"House Republicans cannot move their extreme, cruel, unworkable anti-immigrant agenda through the regular legislative process, so they're trying to make an end-run around Congress and hold the American people hostage to force it into law."
The Democratic chairs of leading congressional caucuses said late Thursday that they oppose any last-minute effort to cram immigration policy changes into government funding legislation as House and Senate Republicans consider doing just that, with a shutdown less than 48 hours away.
"It is not appropriate to establish new immigration and border policy in a bill to keep the government funded," the chairs of the Congressional Progressive Caucus, Congressional Hispanic Caucus, Congressional Asian Pacific American Caucus, and Congressional Black Caucus said in a joint statement.
"House Republicans cannot move their extreme, cruel, unworkable anti-immigrant agenda through the regular legislative process, so they're trying to make an end-run around Congress and hold the American people hostage to force it into law," they continued. "Even Minority Leader Senator McConnell has said, 'Shutting down the government isn't an effective way to make a point.' We couldn't agree more."
The Democrats' statement came in the wake of news that members of the House and Senate—with the reported backing of some Democrats in the upper chamber—are discussing the possible addition of immigration and border measures to a short-term government funding bill in a bid to win the votes of intransigent House Republicans.
Earlier this week, as the chaos-ridden House failed to make progress, the Senate advanced a legislative vehicle for a continuing resolution that would keep the government through November 17—an attempt to buy time for both chambers to approve full-year funding measures.
Citing two unnamed Republican aides, The Washington Postreported that "by Thursday evening, Senate Republicans were considering an amendment to the continuing resolution that would include $6 billion in funding for border security but no new immigration policy."
According to the Post, Sens. Chris Murphy (D-Conn.), James Lankford (R-Okla.), Susan Collins (R-Maine), Thom Tillis (R-N.C.), and Kyrsten Sinema (I-Ariz.) "appeared to be involved in the talks."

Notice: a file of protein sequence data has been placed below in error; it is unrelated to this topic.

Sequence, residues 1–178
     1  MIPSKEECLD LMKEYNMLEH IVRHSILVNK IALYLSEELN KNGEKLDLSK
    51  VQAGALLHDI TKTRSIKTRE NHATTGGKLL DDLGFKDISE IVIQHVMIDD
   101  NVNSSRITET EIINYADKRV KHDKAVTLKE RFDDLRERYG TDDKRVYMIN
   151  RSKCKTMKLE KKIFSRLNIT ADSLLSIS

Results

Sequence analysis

On Friday, House Speaker Kevin McCarthy (R-Calif.)—who is facing a potential removal plot by far-right House Republicans—is expected to put on the floor a Republican stopgap funding measure that includes major federal spending cuts and border policies.
The Wall Street Journalreported late Thursday that the GOP package includes changes that "House lawmakers passed earlier this year in a broader bill that orders construction to resume on the Trump administration's border wall." That bill was dead on arrival in the Senate.
"The border measures, which have broad backing in the conference, would also make it harder for people to remain in the U.S. under the protection of asylum rules," the Journal noted.
House Republicans' latest effort to move ahead with a short-term funding package will come after they passed several appropriations bills Thursday night, including measures to fund the Pentagon and State Department.
But the House voted down the GOP-authored agriculture appropriations bill, which included steep cuts to food aid for low-income families and a rollback of abortion pill access.
Rep. Rosa DeLauro (D-Conn.), the top Democrat on the House Appropriations Committee, said in a statement that lawmakers "should have spent this week working together to prevent the government from shutting down."
"Instead, we spent it watching House Republicans in chaos, loading up their 2024 funding bills with deeper cuts and dangerous policies that harm the economy and raise the cost of living for American families," said DeLauro. "Another day of Republican dysfunction, two days until they shut the government down."